May 20, 2012 by David Gillaspie
Modern sports are an accumulation of rules and endurance. Every variation of movement that can be taught and repeated comes with the same baggage.
Athletes are the ones who learn it first and lighten the load for their team. They are the people who make the hard things look easy. And it starts early.
The parent manuals most people buy and don’t read ought to include more sports. In Rules For Sports Parents you’d find the sort of answers you need, like When will my baby’s instinct to hit a ball kick in?
Of course babies track and respond to the mobiles hanging over their cribs. That’s what they do. That’s what you’d do too if you were behind bars in a new room with no umbilical cord.
My research shows ball recognition starts soon after a baby learns to sit upright on their own. The sitting position increases a baby’s field of vision and creates a moment they’ll see the rest of their lives: There’s something coming at them. Avoid propping them in a corner, it’s an early crutch they don’t need.
A baby waving it’s arms to stay balanced and hitting a bubble ball on accident is one of the great thrills of parenthood. You can call an entire game in five minutes, and you should.
“Here’s the always dangerous Joceline at the plate. She’s a switch-hitter with power from both sides. Here’s the wind-up…and the pitch.
If the baby’s arm swings and makes any contact, it’s a hit.
Watch to see if baby’s eyes follow your hands pointing from the mount to the base. If you get into a stare down, go with the Andy Petite style.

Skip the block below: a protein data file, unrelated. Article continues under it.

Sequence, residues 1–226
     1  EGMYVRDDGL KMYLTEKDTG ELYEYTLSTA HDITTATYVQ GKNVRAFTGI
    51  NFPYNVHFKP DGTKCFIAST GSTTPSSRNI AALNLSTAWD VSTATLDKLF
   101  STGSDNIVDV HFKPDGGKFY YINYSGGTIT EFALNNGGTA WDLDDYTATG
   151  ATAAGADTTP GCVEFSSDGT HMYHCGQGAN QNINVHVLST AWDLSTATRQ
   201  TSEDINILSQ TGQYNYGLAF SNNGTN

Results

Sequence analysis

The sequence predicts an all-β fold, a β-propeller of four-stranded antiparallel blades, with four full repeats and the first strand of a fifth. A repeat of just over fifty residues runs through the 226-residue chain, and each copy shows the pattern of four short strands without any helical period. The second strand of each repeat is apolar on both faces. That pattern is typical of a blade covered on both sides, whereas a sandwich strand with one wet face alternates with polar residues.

“The ball drops when the first baseman looks up at the charging right fielder who bare hands it on the bounce and gives it a half-toss to the pitcher. And here comes Joceline with a full head of steam. The pitcher bobbles the ball and looses it when he steps into the base path in front of the J Train. Safe on first. Now they bring in a pinch runner.”
If the baby is looking at their hand, or dozing off, you need to up your game. But if baby gives you the smiley-eyes and waves their arms and bounces on their bottom in excitement like you’re doing (and you will be), then you’ve got a keeper.
You’ve also got a game to pitch and call. Keep in mind, you won’t damage your baby if you roll an easy one down the middle and they hit a home run. Give them easy pitches until they start the chatter:
“That’s it? That’s all you got? You’ve been playing twenty eight years and I’m in my rookie season and I’m hitting you like Prince Fielder hits the buffet. Come on, I need a little more effort out there. Ma, we got a lefty in the bullpen? Warm them up. This guy’s got a noodle arm.”
Game on, baby.